There is no arguing that the COVID-19 pandemic has changed the world in ways that once seemed unimaginable. In the security space, that includes cloud-based door access control, which manufacturers say is drawing increased interest from security integrators, dealers and end users who now, more than ever, realize the advantages of being able to monitor door access remotely.

Who could’ve imagined that offices, schools and other facilities would shut down in 2020 and millions of employees would be sent home to work? With no one on-site to monitor door access, end users who had overlooked cloud-based access control previously, began to tap into solutions that operate either fully or partially in the cloud.

“With COVID-19, a lot of organizations saw that working from home and trying to monitor a system from a different premises was a lot harder,” says Despina Stamatelos, senior commercial manager at Montreal-based Genetec. “That’s resulted in an increase in interest from end users in cloud-based solutions.”

Jon Adams, executive director of business development for Digital Monitoring Products (DMP) Springfield, Mo., agrees. He says businesses that tried cloud-based access control during the pandemic got hooked on it.

“Before, they didn’t know who was coming in (to their facilities) or when they were arriving,” he says. “Now they know. That’s important for a lot of small to medium businesses, and that, I think, is at the heart of this (business).”

cloud security


Even before the pandemic, manufacturers had launched cloud-based access control products, and are continuing to refine and improve them. || SRDJANPAV/E+ VIA GETTY IMAGES

There will always be a need for access control, but that was perhaps even more true during the pandemic, when there were fewer people working in offices, says Jonathan Collett, product executive, Paxton Access Inc., Greenville, S.C. “Some businesses also may struggle to employ security during these times, increasing the need to secure their building in a different way.”

The pandemic also prompted some integrators to consider cloud-based access control.

“They are seeing that cloud-based solutions are here to stay and that they are going to be more prominent in the future,” Stamatelos says. “There is definitely more interest in incorporating that (model) into their businesses.”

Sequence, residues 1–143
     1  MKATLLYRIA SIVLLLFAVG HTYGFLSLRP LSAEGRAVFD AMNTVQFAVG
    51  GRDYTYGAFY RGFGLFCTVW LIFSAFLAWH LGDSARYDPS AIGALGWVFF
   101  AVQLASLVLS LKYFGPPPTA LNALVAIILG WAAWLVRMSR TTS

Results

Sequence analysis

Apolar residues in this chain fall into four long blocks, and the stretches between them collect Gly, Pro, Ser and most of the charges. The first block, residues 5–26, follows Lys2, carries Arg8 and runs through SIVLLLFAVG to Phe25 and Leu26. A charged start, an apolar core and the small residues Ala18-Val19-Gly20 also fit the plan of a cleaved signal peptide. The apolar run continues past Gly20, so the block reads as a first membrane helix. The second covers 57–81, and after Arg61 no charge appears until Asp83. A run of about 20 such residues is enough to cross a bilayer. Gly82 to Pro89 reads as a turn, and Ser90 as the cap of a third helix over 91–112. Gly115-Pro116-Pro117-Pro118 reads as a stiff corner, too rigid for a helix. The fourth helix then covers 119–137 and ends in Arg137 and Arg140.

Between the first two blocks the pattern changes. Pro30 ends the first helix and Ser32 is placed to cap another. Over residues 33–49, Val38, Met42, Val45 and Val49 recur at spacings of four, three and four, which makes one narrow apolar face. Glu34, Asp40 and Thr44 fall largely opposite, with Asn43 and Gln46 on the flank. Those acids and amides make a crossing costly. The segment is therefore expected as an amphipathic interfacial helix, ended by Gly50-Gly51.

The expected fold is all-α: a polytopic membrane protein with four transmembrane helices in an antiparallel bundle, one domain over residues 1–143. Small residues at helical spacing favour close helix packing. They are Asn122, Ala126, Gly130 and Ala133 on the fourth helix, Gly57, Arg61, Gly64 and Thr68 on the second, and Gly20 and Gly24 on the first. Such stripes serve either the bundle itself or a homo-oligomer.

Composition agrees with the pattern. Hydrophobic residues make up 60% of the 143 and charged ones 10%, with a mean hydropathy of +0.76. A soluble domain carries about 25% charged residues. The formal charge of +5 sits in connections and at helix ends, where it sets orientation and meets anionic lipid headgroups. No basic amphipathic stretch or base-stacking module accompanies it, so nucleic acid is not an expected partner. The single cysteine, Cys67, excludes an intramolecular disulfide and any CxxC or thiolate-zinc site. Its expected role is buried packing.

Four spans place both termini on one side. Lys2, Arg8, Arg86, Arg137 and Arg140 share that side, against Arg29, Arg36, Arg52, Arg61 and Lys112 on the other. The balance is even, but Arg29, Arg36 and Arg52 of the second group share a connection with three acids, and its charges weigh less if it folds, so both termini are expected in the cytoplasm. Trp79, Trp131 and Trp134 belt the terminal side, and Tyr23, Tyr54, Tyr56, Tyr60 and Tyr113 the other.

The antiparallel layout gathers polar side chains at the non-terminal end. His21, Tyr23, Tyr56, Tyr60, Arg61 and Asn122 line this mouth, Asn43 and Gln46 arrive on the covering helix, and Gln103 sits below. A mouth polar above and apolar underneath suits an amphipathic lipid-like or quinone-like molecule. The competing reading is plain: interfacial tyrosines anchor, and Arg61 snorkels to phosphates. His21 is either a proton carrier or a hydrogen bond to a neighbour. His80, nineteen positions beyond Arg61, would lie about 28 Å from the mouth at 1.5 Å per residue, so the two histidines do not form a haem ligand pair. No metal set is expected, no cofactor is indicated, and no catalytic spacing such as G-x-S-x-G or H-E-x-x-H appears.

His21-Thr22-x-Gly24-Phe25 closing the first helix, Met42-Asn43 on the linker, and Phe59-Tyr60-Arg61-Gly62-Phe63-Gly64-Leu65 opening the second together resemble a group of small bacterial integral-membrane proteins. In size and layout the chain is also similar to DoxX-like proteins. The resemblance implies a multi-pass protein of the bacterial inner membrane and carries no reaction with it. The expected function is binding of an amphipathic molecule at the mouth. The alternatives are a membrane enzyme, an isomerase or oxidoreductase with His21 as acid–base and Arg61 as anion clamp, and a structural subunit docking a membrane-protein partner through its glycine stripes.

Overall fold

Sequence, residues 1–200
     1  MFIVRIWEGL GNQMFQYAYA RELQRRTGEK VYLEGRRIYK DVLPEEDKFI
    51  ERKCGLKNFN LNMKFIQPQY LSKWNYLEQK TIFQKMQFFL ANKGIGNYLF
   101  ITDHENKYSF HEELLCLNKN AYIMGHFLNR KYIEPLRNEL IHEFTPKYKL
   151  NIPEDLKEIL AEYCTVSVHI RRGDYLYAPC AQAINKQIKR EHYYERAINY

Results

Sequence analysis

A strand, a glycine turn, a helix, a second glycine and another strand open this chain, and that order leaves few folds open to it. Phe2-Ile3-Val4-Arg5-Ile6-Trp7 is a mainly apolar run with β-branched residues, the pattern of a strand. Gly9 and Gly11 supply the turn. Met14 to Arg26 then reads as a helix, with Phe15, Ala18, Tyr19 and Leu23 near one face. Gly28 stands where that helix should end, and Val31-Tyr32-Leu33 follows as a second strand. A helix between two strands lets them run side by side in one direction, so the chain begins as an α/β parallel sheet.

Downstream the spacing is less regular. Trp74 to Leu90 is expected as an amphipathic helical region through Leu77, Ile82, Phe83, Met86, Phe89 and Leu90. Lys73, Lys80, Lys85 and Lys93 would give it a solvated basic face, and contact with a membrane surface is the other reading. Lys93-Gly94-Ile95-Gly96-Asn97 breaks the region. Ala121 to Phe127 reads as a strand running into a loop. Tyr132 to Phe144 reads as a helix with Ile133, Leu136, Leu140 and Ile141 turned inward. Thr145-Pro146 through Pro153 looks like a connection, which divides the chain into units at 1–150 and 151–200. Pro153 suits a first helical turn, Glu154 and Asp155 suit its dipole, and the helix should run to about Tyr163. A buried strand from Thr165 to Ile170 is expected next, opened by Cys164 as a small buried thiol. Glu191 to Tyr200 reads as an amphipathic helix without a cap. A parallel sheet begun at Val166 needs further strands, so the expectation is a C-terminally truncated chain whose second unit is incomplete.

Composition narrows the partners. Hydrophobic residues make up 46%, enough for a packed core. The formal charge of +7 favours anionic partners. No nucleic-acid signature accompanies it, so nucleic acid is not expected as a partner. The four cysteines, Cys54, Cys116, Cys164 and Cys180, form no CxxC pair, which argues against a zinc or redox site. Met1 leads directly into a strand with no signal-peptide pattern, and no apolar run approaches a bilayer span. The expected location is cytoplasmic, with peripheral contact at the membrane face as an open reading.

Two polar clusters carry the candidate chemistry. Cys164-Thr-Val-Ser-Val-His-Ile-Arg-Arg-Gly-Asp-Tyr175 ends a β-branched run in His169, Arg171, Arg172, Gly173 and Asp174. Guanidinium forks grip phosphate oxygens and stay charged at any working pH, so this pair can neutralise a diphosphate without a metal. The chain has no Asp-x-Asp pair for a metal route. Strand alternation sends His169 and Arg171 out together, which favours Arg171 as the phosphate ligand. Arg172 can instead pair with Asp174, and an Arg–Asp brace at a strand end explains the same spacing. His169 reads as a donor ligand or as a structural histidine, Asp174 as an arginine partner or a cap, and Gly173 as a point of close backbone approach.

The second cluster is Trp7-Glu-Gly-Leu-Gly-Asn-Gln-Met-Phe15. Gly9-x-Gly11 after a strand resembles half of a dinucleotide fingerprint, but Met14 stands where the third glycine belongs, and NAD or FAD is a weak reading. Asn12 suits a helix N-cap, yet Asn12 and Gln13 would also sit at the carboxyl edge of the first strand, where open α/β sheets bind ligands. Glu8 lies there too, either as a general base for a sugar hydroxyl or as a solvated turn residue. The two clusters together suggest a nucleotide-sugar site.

Words of Wisdom

What advice do manufacturers have for integrators who want to get in on cloud-based door access control? Here’s what three of them have to say:

“Find a system that has a wide range of features and can meet many customers’ requirements. Customer’s requirements continue to evolve. Look for a system that is flexible and modular, enabling different devices and services to be added as the customer needs them. Learn about it. Speak to the manufacturers, speak to your sales rep or call in to support if you have any questions, feedback, or technical requirements. When a customer mentions ‘cloud’, determine what their requirement is for a cloud system; there are many different interpretations of the word.” — Jonathan Collett, Paxton Access

“Know your value proposition and work with your solution provider to make sure your team understands it. Think through the operational aspects of managing recurring services and how this might impact your sales representatives; and look for tools and mechanisms to help you track and manage configuration changes on site. Learn the total cost of ownership story and help articulate it to your customers. Does this eliminate the need for a local IT resources? Does it save time and money by letting you install the system at a remote site without a network while still connecting back to the enterprise’s master database? Also, how easy is it to replace that older system and do it without replacing all existing equipment? Find a solution provider that helps you understand your costs, rewards you for volume and helps you train and educate your end users without additional expenses.” — Cooper Briscoe, LenelS2